[Event Report] The Health and Global Policy Institute Chronic Disease Control Project Holds Advisory Board Meeting for “Engaging and Cooperating with Patients, Citizens, and Communities for Obesity Prevention” (September 22, 2022)

On September 22, 2022, the Health and Global Policy Institute (HGPI) Chronic Disease Control Project held an advisory board meeting for an initiative titled, “Engaging and Cooperating with Patients, Citizens, and Communities for Obesity Prevention.” The meeting was held online.

HGPI’s Chronic Disease Control Project is advancing an initiative titled, “Engaging and Cooperating with Patients, Citizens, and Communities for Obesity Prevention” as part of its FY2022 activities.

Compounded factors like lifestyle changes and urbanization have led to the growing prevalence of obesity, chronic diseases, and non-communicable diseases (NCDs) in developed and developing societies. For many years, this transformation has been called a “Silent Pandemic.” To respond to the needs of the modern era, Japan has been advancing measures targeting diseases like diabetes, stroke, and cardiovascular diseases (CVDs). Measures aiming to prevent the exacerbation of chronic diseases have made some progress. For example, since 2008, all insurers have been obligated to conduct specific medical checkups and provide specific health guidance for obesity, a known factor for many chronic diseases. Furthermore, examinations called “metabolic checkups” have made the technical term “metabolic syndrome” widely understood among the Japanese public. This has elevated public awareness toward the health hazards of obesity and can be considered a symbolic paradigm shift in policy.

There has also been progress in obesity research. A clear relationship has been established between obesity and nonalcoholic fatty liver disease (NAFLD), a chronic progressive liver disease that affects an estimated 444 million people globally and 2 to 3 million people in Japan. NAFLD and other obesity-related diseases result in long-term detriments to quality of life (QOL) for patients and their families, meaning early detection and treatment are crucial.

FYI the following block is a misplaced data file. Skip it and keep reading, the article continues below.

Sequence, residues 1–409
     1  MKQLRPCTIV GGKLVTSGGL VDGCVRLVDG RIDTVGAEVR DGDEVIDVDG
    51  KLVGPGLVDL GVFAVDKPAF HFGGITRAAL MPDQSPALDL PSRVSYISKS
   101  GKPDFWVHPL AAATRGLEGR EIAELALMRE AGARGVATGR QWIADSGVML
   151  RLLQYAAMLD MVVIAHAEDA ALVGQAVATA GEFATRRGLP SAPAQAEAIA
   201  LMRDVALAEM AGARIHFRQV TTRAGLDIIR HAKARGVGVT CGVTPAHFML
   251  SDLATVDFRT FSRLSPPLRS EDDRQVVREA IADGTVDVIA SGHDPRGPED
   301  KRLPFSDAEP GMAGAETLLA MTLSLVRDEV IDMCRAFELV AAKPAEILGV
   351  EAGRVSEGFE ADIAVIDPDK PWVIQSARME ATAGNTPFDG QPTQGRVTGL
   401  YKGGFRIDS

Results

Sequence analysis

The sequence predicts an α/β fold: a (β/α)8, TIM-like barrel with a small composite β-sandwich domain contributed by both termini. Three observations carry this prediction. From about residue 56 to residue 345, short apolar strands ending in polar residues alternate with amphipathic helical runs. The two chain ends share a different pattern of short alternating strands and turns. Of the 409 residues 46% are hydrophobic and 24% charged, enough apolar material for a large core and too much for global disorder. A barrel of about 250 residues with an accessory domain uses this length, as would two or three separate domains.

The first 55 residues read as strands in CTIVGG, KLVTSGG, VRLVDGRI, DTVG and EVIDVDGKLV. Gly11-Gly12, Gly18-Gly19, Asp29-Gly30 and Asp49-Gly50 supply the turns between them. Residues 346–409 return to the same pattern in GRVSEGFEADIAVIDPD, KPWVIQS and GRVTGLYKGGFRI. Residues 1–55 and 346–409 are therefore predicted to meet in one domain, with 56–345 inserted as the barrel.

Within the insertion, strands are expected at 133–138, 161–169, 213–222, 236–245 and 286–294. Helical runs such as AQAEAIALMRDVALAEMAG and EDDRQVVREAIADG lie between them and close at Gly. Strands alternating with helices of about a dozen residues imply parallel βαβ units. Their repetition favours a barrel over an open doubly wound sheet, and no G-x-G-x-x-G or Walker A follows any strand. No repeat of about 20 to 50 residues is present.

Establishing healthier lifestyle habits through diet and exercise is a vital step for preventing obesity and requires individuals to practice self-management. Correlations have also been established among health and conditions like income and living environment, which are known as Social Determinants of Health (SDH). To prevent disparities in income and education from becoming disparities in health, we must work together to encourage better health as a society.

There are also genetic factors for obesity. Two people who follow identical diets and live in the same environment have different chances of becoming obese. In other words, obesity is not only the result of someone’s lifestyle and living environment, so placing responsibility solely on individuals and communities under the concept of personal responsibility may harm the health of individuals and infringe on their dignity. To avoid being overly reliant on the concept of personal responsibility, certain developed countries are even seeing movements to drop the term, “lifestyle disease.” While maintaining a foundation for non-pharmaceutical interventions, we require systems which provide suitable medical and pharmaceutical interventions to those who need them.

Recognizing these issues, HGPI will advocate for necessary future measures for obesity, a subject which encompasses many key healthcare policy topics of today like SDH, chronic disease self-management, and the growing need for care that is more personalized. We will work toward achieving a society in which people can receive the healthcare services and treatments they need while avoiding unnecessary medicalization of the modern issue of chronic diseases.

At this advisory board meeting, we held a discussion with multi-stakeholders representing industry, Government, academia, and civil society to identify challenges that are likely to emerge when advancing obesity prevention measures, to outline potential next steps, and to examine various items including identifying needs regarding healthcare interventions, establishing social support, improving lifestyles for individuals, and promoting research.

■ Advisory board members (titles omitted; in Japanese syllabary order)

■ Observer

Health Service Division, Health Service Bureau, Ministry of Health, Labour and Welfare

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